And then, in a flash, it all makes sense to me.  It makes sense to me that despite not socializing, or maintaining close contact through the years, or having loads in common, Andy would donate a kidney to Jeffrey.  For these men, with their similar styles and approach to life, it’s about the big picture. It’s about doing the right thing.  It’s about making decisions that are right for the whole rather than the one.  It’s about supporting a teammate.

Kidney Friends

Good Lord, they may have made me a sports fan.


Live Organ Donation: A Tale of Two Kidneys

This will be the first of several posts covering the live kidney donation of Andy to Jeffrey.

“It was the best of times, it was the worst of times,” wrote Charles Dickens in A Tale of Two Cities. Live organ donation is a bit like that, too.  Come to think of it, life is a bit like that.  Funny how dichotomies work that way.

On Friday morning, my friend and fellow blogger Andy will be donating one of his healthy, functioning kidneys to his former colleague, Jeffrey, who has not been quite as lucky in the healthy, functioning kidney department.  Both are husbands, both are fathers, both are sports fans, both work in finance. And that’s pretty much it — the ties that bind them together aren’t especially strong.  Andy and Jeffrey are not what you’d call, “tight.”  Nor are they in the midst of a torrid bromance.  The extent of their connection is a phone call every eighteen months or so, catching up on professional matters.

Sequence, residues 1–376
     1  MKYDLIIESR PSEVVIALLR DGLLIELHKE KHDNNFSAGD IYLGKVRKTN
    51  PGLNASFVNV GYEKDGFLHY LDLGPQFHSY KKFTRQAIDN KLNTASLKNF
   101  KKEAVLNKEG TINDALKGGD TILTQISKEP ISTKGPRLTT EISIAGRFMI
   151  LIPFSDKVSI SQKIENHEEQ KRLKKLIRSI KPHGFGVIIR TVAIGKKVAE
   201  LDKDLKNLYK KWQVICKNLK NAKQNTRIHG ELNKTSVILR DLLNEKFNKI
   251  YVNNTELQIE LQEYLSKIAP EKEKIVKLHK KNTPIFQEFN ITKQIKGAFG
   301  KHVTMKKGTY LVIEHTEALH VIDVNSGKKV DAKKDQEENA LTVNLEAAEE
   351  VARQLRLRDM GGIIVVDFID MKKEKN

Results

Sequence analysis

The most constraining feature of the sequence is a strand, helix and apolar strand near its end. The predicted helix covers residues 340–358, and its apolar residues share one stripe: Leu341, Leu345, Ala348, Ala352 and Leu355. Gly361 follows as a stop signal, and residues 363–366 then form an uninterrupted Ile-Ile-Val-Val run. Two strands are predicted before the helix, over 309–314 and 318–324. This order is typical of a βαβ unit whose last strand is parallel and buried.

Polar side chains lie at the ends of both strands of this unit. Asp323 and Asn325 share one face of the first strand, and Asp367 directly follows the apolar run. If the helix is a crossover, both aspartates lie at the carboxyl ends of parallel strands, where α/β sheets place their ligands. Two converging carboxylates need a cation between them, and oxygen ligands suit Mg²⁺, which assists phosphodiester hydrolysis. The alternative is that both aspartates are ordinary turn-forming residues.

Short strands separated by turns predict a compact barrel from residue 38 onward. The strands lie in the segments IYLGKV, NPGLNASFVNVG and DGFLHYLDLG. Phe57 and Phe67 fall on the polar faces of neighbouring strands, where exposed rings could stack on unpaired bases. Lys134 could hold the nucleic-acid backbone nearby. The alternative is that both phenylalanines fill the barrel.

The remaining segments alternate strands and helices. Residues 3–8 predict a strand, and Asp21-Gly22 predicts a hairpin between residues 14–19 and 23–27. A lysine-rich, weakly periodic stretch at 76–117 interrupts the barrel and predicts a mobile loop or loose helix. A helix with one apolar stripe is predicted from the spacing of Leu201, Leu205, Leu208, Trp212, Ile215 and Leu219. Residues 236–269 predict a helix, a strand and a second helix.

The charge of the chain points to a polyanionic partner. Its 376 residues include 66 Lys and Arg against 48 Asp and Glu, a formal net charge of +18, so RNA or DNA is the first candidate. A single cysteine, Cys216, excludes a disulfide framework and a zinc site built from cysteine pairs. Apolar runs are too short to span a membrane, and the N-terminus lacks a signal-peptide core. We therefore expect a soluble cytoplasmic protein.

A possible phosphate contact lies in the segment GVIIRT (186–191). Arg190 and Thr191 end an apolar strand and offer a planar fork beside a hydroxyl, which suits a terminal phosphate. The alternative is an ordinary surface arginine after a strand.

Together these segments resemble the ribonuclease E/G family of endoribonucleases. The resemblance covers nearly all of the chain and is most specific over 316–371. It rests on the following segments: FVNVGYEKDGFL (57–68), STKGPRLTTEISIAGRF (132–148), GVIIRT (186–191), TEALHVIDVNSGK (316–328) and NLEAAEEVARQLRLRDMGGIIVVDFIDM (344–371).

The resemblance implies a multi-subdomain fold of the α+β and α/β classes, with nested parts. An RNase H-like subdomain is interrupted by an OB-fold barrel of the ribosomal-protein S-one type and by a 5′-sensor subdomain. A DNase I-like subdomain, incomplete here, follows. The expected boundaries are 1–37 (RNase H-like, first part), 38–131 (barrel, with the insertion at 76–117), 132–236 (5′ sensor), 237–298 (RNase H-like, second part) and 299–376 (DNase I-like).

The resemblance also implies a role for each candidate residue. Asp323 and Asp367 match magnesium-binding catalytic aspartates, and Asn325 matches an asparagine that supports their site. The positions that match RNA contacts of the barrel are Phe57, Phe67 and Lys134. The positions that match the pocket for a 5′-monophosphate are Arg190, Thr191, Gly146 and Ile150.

So how do you get from there to here?  How do you get from infrequent phone contact to settling down to the business of donating a vital organ?

Well, it starts with a need.  Jeffrey needs a kidney.  In early 2010, through routine medical tests, docs started to notice some changes in Jeffrey’s kidneys, though nothing alarming.  After several months of tests, that alarm did sound in July 2010.  Jeffrey got a message to stop by the doctor’s office for a blood test on the way home from work.  Later that evening, the doc phoned Jeffrey at home and told him to high tail it to the hospital first thing the next morning.  Do not pass ‘GO,’ do not collect $200.  Jeffrey’s kidneys had entered acute failure.

Kidney failure is not pretty.  It is, in fact, quite ugly.  Their function is two-fold:  to clean our blood and remove excess fluids and waste through our urine.  They absorb the good and get rid of the bad.  Simple as that. But there is nothing simple when they fail.  Managing kidney failure as a chronic condition is tedious, arduous work.  It involves dialysis, the medical-mechanical miracle of removing our blood, cleaning it, then returning it back to the body.  Additionally, dialysis also removes the excess fluids and waste that many kidney patients do not void naturally.  Well, that’s the blogger’s version of dialysis, at least.

When Jeffrey went into acute renal failure, his life changed in an instant. Snap.  Just like that.  In order to function, he was now dependent on three times weekly, four hour dialysis sessions.  He described it to me as, “both a treatment and a disruption.”  Because of my Cancer Mom street cred, I totally got it.  It is a complicated thing to live amidst illness.  There is a constant need to balance hope and fear and fatigue and worry and symptoms and optimism and realism.  It’s a tough gig.

From everything I’ve heard from and about Jeffrey, he walked that medical tight rope well.  He described entering the crowded waiting room at the dialysis center, every chair filled with people waiting on kidneys, dependent on machines to keep them at certain degrees of functional.  Jeffrey being one of the more functional, “I thought, ‘Why am I here?'”